Favorite Episodes The Letter (Dec. 8, 1997) & Ally’s Birth (May 21, 2001) ”I had written a letter to Marie, telling her everything I’d ever been angry at her about. I love those ones, where Marie and I can bond. And I love all of our flashback episodes, like the one where I’m giving birth in the back of Robert’s police car and Robert’s trying to deliver the baby. I got to spend hours in the backseat of this car with Ray and Brad looking up my [skirt].”
What’s Next Heaton scored a development deal at ABC, though she doesn’t have a project lined up for September. ”I’ll be really thrilled to just focus on the kids,” she says. ”Maybe show up at their school once in a while, get to know teachers’ names.”
Favorite Episode Robert’s Date (Feb. 1, 1999) ”’Robert’s Date’ was really the episode that put my character over the top. That was where I dated my female partner, who was African-American. And Robert, always trying to find the niche he fits in, which is obviously nowhere, thought he was black for a while. I had to dance [in a club], and that I had to work on. When I was working with the choreographer, he goes, ‘I’m so outta here because I don’t know what you’re doing.”’
What’s Next Now that the rumored spin-off for Robert and wife Amy appears unlikely, Brad Garrett plans to do stand-up on the road before scouting new TV and film projects. ”For the first time in my life, I can be picky,” he says.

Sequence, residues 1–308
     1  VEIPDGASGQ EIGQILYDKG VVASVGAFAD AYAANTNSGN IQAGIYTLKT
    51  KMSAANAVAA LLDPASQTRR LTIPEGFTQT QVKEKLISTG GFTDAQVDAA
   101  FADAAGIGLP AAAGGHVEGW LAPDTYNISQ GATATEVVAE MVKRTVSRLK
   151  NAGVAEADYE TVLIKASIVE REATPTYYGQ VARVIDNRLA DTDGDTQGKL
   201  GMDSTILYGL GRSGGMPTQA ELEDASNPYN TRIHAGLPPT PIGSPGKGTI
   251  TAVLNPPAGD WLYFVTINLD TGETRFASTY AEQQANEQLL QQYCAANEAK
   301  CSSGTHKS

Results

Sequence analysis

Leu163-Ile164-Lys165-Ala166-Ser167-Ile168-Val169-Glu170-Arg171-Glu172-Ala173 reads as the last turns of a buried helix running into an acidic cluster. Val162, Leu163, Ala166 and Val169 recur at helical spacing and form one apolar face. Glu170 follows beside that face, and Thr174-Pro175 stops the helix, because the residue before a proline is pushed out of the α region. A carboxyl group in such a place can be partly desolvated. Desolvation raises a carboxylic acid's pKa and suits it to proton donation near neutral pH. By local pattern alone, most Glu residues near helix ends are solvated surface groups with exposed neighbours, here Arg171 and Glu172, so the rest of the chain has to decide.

Favorite Episode Lucky Suit (Feb. 4, 2002) ”Robert’s trying to get a job with the FBI, and I don’t want him to be in danger, so I do everything in the world to ruin it. I burn his favorite jacket. I fax the FBI a whole history, about how they shouldn’t give him the job. And then there’s a lovely scene between myself and Robert where I say I can’t take another day of worrying about him on the streets getting killed. It’s really sweet, wonderful, and real.”
What’s Next Roberts will star in Adam Sandler’s Happy Madison-produced movie Nana’s Boy, playing — you guessed it — Nana.
Favorite Episode Boys’ Therapy (Nov. 15, 2004) ”Frank and his boys pretend to go to therapy, but they really go to the racetrack, and Frank tells them how he was beaten by his father. That explained why he was a little hesitant and not huggy, touchy, and feely with Ray and Robert. It also explained why he would verbally be a little hard on them. Ray and Robert appreciated that he spared them — so it’s kind of funny and touching at the same time.”
What’s next Boyle is shopping for a new show. ”We’re talking to the network biggies,” he says.
Favorite Episode The Angry Family (Sept. 24, 2001) ”That’s based on a time when my son literally got up in front of his class to tell a story about his angry family. Other kids got up and talked about things like their chicken pox, but Ben Rosenthal, 6 years old, talks about his angry family. At first I was mortified, but then I thought how lucky I was to have a kid who writes for my television show. Everybody cracked up and looked back at us. It was great.”
What’s Next Rosenthal may have run out of ideas for Raymond, but he still needs to fulfill his end of a reported $50 million deal with CBS and Paramount. ”I love sitcoms and I’m sure I’ll do another — I just need a little break.”
(This is an online-only excerpt of Entertainment Weekly’s May 13, 2005, cover story.)